Marc di Saverio, an English major at McMaster University, hails from Hamilton, Ontario, Canada. His poetry and translations have appeared in The Dalhousie Review, Modern Haiku, Haiku Reality, Moonset, Frogpond, Maisonneuve Magazine and Haiku Scotland (he was the "featured poet" in issue 19). He is currently working on SALAMANDER-CIRRUS, his debut book of haiku, haiku translations, tanka, haiga and objectohaiku. An article regarding his work will be appearing in the forthcoming issue of Moonset.
1) Why do you write haiku?
I write haiku for the following reasons: 1) because haiku naturally occur to me (inside and outside the "now") during mindfully-experienced moments transpiring out in the world, but also during dreams, during altered states, during abstract thinking, during wild and tamed imaginings, during third-eye meditation (a.k.a. Trataka), in short, during purely inner experiences, as well. Though most of my haiku are born in actual moments of mindful experience in the real world (as most haijin's 'ku are born), I believe that by blazing new trails toward the haijin's "a-ha!" will result in both new and more ranging epiphanies, and new and more ranging forms (of haiku), both of which may result in attracting new and more ranging readership; 2) because if haiku-readership can be increased and varied this potentially powerful, misunderstood form (or should I say genre, or even way of life, or way of revolt) can be instrumental in reversing the evolutionary direction of nature-estranged, computerizing, roboticizing, fashionably passionless, kitsch-hearted, camp-hearted western humanity -- this misunderstood form can hopefully succeed in charging shriveling souls with the verve and lust to not only seek out experience and understanding and union and commonalities with the natural world, but to also inspire a strong and sincere drive to revolt against nature's destroyers, and to ACTUALLY inspire revolt 3) because I love reading and contemplating haiku...I think I have learned more from single haiku than I have from entire epics; 4) because haiku compliment my daily meditations, which compliment my haiku; 5) because i want to share the subtle links and "hidden correspondences" (as Baudelaire put it) between humankind/human nature and mother nature's kind/mother nature's nature; 6) because a haiku is, verily, "a moment's monument", and I want to create these monuments.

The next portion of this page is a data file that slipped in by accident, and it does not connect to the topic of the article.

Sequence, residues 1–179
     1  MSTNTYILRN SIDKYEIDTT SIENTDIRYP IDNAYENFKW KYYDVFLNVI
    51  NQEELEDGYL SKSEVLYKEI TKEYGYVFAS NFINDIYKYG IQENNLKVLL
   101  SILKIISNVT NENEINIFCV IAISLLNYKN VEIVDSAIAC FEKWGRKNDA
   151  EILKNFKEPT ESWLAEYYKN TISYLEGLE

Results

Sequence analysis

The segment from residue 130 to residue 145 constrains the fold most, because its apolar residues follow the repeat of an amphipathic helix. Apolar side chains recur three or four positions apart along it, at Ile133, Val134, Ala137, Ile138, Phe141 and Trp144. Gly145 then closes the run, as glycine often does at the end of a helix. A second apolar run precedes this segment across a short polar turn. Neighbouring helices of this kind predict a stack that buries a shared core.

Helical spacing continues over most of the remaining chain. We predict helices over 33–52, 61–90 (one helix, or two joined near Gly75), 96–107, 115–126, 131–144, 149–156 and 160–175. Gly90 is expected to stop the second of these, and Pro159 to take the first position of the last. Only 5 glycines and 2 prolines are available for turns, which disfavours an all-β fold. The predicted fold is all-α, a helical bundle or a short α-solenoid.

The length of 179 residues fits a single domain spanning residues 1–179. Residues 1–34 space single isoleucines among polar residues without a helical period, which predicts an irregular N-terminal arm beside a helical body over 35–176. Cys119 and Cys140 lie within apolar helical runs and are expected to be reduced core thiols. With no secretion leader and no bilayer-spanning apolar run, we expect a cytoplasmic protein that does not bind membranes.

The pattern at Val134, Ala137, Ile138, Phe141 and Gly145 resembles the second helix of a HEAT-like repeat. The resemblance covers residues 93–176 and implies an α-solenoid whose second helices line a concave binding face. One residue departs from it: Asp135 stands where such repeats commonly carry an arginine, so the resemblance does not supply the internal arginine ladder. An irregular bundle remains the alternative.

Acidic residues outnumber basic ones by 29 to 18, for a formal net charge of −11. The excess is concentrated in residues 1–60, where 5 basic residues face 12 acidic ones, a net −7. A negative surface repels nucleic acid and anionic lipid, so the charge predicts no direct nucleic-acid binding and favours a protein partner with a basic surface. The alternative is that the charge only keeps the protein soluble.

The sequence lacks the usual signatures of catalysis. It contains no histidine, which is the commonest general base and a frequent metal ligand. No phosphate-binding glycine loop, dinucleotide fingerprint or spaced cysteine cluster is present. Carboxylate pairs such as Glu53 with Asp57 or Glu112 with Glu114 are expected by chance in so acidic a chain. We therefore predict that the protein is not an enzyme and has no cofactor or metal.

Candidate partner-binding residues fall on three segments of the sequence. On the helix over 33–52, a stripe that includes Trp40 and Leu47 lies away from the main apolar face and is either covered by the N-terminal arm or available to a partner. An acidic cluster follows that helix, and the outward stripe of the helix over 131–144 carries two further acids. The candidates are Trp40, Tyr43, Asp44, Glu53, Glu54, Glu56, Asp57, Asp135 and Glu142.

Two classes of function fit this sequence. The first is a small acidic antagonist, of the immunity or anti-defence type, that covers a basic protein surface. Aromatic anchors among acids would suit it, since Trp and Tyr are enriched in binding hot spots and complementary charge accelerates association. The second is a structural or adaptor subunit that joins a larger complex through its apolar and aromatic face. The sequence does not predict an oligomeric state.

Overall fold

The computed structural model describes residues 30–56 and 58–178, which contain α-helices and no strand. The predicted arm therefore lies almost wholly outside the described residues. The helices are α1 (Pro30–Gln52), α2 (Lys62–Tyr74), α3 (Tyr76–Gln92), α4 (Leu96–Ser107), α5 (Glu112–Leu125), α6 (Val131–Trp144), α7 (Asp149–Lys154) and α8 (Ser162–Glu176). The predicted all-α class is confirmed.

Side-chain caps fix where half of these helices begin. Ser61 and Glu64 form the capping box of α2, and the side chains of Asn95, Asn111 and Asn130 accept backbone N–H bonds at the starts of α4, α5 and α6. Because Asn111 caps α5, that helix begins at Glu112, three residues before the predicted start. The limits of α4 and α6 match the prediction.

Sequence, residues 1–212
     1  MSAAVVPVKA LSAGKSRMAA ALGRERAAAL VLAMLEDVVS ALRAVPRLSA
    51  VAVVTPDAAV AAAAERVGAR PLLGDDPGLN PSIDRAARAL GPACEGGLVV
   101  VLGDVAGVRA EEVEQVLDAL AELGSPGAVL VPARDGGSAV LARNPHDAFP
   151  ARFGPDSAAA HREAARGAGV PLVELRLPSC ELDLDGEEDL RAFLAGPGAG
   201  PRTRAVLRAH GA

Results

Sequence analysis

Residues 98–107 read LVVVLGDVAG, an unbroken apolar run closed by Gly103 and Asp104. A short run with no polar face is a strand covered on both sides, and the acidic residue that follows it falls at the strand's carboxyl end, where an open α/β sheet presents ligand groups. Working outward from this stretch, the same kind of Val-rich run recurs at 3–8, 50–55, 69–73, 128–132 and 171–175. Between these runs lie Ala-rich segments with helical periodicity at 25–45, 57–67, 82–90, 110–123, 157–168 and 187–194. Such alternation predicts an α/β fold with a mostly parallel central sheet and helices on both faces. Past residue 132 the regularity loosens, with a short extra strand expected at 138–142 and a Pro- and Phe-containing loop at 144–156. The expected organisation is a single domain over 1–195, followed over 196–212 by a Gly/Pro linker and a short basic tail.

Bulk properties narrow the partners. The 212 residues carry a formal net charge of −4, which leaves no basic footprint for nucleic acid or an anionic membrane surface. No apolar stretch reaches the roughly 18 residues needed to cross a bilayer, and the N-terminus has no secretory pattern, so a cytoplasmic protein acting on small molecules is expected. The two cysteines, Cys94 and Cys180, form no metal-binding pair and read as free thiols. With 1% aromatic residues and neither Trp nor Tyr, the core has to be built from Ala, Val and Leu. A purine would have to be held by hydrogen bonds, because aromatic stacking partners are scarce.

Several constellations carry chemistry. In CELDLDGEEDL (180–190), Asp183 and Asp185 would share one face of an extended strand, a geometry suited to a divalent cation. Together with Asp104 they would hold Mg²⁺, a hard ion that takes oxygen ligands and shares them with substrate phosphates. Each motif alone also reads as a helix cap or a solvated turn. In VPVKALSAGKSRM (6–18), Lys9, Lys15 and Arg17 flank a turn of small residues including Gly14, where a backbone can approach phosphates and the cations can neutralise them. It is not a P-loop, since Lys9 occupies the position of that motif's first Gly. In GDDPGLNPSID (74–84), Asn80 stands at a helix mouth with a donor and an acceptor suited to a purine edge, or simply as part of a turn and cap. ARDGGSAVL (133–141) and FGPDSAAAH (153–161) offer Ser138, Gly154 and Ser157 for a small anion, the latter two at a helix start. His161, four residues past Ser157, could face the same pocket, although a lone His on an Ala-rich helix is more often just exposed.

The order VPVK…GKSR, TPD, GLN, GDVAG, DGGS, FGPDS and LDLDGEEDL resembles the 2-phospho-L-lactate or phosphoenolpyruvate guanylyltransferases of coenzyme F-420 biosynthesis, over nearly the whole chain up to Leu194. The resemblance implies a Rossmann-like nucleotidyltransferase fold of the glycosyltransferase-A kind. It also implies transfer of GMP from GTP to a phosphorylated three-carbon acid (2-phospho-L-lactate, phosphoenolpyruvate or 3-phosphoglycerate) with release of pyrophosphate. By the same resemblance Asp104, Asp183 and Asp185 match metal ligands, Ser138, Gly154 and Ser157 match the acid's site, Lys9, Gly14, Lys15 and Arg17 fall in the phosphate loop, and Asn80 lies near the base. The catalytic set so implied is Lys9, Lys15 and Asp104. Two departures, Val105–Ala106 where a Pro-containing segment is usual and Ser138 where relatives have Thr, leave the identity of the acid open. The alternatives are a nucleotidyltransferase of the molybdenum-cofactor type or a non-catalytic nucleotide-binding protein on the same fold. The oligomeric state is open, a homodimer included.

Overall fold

2) What other poetic forms do you enjoy?
Sonnets, epigrams, tanka, prose poetry, ojectoverse/objectohaiku, and verso d'oggetti
3a) my top choice would be "blue bloom haiga"
3b) my second favorite is "objectohaiku and objecto in blue", which are meant to be displayed together as one visual statement as displayed on the Haiku Reality gallery where it first appeared (crickets bought dead).
3c) For third favorite it's a tie between these two:
as I strike my match the fireflies
(Haiku Reality, 2009, third place)
first rain --
all these finger-graven
flowers in the snow
(Haiku Scotland # 19, 2009)
If you've been enjoying this weekly series and have not contributed, please consider sharing your response (whether it be for haiku or tanka) to the three little questions that Marc answered. You must be a published poet in order to participate.
Gina will be our guest next week.